The Weekly Book Report
When Callie gets caught cutting herself at school, the school will not let her return without a Doctor’s consent. Her parents force her to go to therapy at Sea Pines, a mental hospital, but Callie chooses not to speak a word while there.
Cut, by Patricia McCormick, portrays a high school student named Callie or S.T. who cuts herself in order to replace her emotional pain with physical pain. Her roommate, Sydney, nicknames her S.T. for silent treatment. Even without speaking Callie makes friends with the other residents who fall into groups such as the “the anorexics”, “the druggies” and the other “cutters”. Her friends make life endurable while she’s there.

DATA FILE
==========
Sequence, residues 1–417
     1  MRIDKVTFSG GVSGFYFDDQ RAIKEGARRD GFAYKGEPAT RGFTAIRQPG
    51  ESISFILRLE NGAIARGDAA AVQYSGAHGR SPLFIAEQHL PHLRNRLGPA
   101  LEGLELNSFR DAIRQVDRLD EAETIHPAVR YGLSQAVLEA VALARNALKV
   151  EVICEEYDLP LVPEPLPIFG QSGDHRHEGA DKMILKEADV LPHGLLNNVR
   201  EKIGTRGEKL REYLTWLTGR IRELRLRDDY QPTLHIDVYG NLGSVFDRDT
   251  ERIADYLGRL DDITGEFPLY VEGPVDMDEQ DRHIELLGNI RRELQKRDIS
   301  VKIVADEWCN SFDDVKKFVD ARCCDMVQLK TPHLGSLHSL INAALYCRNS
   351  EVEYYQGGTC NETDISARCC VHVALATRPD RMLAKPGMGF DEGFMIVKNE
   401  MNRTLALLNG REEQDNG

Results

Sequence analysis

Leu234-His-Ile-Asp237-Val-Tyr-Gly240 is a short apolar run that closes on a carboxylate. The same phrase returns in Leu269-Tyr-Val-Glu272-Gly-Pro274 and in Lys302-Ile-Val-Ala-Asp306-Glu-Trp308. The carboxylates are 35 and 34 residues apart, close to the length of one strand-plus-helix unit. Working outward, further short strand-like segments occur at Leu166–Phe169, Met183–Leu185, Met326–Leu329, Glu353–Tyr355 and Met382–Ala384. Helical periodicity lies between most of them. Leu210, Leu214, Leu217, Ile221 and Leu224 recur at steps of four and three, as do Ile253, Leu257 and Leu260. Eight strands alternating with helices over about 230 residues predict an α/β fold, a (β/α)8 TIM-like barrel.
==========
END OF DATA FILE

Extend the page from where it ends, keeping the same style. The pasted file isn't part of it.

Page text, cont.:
Callie continues not to speak until her mother calls to say that Sea Pines will make her leave and give her bed to another girl. She will not get any proof of her getting better, she won’t be able to go back to school. Callie finally realizes its time to help herself.
Written in the first person by Callie and addressed to her unnamed therapist as “you,” this book seems even more personal, almost like a letter. Much of the book shares conversations between “you” and Callie. “You look perplexed.” Page 60 “You mentioned that before.” Page 68 “Well can you, you know, help?” Page 138.
Something new and shocking always pops up that will keep you reading. McCormick writes the story in a way that makes you feel connected to Callie. She can strike an emotional chord when she describes therapy sessions, such as this one.
"I may not want to get rid of my scars," I say finally.
"They tell a story," I say.
"Yes," you say, "they do." Page 129.
PUSH Scholastic Inc.